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Is It Okay to Call God "Mother"?: Considering the Feminine Face of God

When I first saw the title, Is It Okay to Call God Mother, my mind raced ahead. Is this book promoting heresy? Is it theologically liberal, radically feminist, or new age? Yet, I was intrigued and decided to read the book. And, what a book it is! It is a must read for evangelicals! Is It Okay to Call God Mother provides rich biblical material on the feminine attributes of God which has been largely overlooked by the evangelical community.

Book Review: Women in Scripture: A Dictionary

When 70 Jewish and Christian scholars collaborate on a one-volume catalog reference work such as this, the result is sure to be of unprecedented proportions. This is what the editors of Women in Scripture had hoped when they started this project, and they were not disappointed.

Women in Scripture combines over 800 articles about every woman in the Bible in a comprehensive, easy-to-read format. Set up in three sections (Named Women, Unnamed Women, and Female Deities and Personifications), it is encyclopedic in its accessibility, yet textual in its readability.

Book Review: Two Views on Women in Ministry

“God is not an equal opportunity employer.” “God is an equal opportunity employer.”

These antithetical statements come from the two authors representing the complementarian view in Two Views on Women in Ministry, a new book in Stanley N. Gundry’s “Counterpoints” series.

Book Review: Why Not Women?

Authors Loren Cunningham and David J. Hamilton combine biblical truth and cultural awareness in their book, Why Not Women? A Biblical Study of Women in Missions, Ministry, and Leadership.

Loren Cunningham is the founder of Youth With A Mission, one of the world’s largest mission societies. Over 40 years, he has broken through generational, gender and ethnic barriers, releasing hundreds of thousands into ministry. He’s ministered in every country, giving him a unique perspective of the potential of the church to complete the great commission.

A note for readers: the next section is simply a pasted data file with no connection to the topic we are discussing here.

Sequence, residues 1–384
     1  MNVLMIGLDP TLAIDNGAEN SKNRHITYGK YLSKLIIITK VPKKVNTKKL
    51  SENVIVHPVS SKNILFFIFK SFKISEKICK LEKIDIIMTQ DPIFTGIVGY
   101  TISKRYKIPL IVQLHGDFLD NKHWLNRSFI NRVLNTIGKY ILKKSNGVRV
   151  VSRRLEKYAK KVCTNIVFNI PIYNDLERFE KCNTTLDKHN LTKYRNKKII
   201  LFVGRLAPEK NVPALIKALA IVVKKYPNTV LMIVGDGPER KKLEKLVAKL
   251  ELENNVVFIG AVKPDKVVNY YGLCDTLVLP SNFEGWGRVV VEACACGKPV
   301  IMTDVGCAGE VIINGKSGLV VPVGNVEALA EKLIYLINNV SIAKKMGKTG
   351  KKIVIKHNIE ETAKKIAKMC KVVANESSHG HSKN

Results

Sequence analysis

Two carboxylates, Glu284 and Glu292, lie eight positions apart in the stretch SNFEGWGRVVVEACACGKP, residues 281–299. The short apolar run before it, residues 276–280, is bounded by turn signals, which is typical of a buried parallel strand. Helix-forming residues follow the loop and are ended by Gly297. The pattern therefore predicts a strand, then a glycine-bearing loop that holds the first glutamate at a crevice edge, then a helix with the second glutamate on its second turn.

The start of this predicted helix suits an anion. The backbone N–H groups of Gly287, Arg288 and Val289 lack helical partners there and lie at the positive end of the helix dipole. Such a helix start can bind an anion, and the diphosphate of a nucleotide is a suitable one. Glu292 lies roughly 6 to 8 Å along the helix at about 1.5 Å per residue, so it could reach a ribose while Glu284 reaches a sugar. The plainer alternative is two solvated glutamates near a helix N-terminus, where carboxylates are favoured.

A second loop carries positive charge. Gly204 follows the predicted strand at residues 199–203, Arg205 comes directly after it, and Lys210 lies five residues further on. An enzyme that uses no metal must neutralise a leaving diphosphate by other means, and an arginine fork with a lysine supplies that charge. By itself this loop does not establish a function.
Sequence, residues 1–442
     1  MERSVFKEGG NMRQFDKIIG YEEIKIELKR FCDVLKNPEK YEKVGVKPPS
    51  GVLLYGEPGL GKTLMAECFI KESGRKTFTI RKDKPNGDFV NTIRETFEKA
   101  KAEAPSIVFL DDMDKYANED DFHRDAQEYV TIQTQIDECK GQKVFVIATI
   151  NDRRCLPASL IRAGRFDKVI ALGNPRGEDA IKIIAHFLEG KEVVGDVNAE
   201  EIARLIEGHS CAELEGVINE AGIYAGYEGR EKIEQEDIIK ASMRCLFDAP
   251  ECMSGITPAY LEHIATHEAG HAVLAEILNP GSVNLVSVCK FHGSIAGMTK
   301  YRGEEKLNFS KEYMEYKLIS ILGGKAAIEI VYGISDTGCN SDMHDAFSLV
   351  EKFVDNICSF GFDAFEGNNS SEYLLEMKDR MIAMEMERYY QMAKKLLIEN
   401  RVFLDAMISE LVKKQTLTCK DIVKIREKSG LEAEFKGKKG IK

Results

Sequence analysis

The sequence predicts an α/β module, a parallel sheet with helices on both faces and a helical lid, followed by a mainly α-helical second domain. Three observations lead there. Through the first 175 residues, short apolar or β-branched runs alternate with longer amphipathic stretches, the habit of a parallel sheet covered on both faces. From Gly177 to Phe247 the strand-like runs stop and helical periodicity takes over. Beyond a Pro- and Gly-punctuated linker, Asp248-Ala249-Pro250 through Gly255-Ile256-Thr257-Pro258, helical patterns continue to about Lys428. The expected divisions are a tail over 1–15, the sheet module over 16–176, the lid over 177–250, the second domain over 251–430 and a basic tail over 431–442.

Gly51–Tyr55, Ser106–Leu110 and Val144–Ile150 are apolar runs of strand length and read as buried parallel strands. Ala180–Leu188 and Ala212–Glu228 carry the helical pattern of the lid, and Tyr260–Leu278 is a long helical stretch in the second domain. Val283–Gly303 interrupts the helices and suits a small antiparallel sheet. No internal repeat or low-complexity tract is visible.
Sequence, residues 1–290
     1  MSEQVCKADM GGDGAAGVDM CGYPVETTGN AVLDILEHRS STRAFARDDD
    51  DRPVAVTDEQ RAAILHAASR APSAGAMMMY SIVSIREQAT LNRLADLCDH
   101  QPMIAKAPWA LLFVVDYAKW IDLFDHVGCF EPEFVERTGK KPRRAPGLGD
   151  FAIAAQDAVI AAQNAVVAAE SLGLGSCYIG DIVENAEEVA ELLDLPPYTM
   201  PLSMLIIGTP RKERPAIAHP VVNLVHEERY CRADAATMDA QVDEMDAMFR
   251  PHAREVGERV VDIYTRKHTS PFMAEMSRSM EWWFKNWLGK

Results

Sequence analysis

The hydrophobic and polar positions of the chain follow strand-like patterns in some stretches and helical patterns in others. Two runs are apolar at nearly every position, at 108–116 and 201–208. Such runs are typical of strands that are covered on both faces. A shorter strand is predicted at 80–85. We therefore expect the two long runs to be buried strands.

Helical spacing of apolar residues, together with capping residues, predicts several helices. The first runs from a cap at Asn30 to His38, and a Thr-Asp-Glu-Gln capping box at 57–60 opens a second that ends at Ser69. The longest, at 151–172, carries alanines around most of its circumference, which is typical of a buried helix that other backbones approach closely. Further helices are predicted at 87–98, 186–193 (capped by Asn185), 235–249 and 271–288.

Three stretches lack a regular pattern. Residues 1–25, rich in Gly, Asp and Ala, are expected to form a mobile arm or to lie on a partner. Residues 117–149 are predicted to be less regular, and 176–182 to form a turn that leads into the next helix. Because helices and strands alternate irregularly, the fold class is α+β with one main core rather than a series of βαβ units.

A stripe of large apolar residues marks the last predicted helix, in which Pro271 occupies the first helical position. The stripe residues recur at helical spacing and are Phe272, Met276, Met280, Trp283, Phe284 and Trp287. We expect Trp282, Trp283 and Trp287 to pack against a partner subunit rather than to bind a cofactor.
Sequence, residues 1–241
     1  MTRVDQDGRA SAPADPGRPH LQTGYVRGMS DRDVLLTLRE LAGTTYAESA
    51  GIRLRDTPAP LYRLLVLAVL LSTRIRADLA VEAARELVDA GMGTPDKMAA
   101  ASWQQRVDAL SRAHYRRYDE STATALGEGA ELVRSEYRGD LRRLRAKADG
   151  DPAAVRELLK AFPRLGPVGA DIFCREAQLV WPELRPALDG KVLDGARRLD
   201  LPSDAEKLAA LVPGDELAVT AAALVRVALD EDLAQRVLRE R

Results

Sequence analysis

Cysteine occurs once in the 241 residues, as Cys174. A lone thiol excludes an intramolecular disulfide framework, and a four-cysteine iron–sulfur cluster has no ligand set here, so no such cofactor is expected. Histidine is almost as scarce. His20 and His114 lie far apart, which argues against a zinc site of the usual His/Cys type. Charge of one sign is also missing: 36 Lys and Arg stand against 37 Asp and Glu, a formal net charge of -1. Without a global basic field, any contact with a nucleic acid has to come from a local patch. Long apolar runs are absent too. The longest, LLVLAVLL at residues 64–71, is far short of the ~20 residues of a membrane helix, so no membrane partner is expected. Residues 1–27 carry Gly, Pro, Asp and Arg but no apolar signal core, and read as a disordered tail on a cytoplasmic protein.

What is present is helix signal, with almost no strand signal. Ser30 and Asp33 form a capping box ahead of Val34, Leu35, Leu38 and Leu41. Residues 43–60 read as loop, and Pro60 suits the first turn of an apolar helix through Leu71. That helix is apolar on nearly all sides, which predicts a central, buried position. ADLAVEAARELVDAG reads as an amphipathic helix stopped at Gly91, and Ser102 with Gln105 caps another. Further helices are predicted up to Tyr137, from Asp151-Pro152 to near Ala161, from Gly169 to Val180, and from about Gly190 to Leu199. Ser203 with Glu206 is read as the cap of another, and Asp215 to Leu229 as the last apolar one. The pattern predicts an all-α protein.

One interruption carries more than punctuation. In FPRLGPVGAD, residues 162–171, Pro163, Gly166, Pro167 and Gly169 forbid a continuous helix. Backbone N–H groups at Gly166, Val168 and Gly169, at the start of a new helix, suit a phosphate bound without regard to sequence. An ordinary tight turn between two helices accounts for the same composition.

Book Review: Men are from Israel, Women are from Moab

Unlike any other book I’ve read, the authors of this book seek the common ground between men and women instead of proclaiming their differences. How are we alike? What guiding principles does the Bible suggest for relationships between men and women?

Men are from Israel, Women are from Moab: Insights about the Sexes from the Book of Ruth, written by Dr. Norm Wakefield and Jody Brolsma, takes a quick look at our gender stereotypes and discards them. Instead, they focus on how we can build one another up and nurture healthy relationships.

Book Review: Women Leaders and the Church

This new book is one of the best I have read in a long time, due to its easy-to-read style and thorough treatment of women and the Bible. The author is professor of biblical literature at North Park Theological Seminary, Chicago.

Book Review: Is it Okay to Call God Mother?

When I first saw the title, Is It Okay to Call God Mother, my mind raced ahead. Is this book promoting heresy? Is it theologically liberal, radically feminist, or new age? Yet, I was intrigued and decided to read the book. And, what a book it is! It is a must read for evangelicals! Is It Okay to Call God Mother provides rich biblical material on the feminine attributes of God which has been largely overlooked by the evangelical community.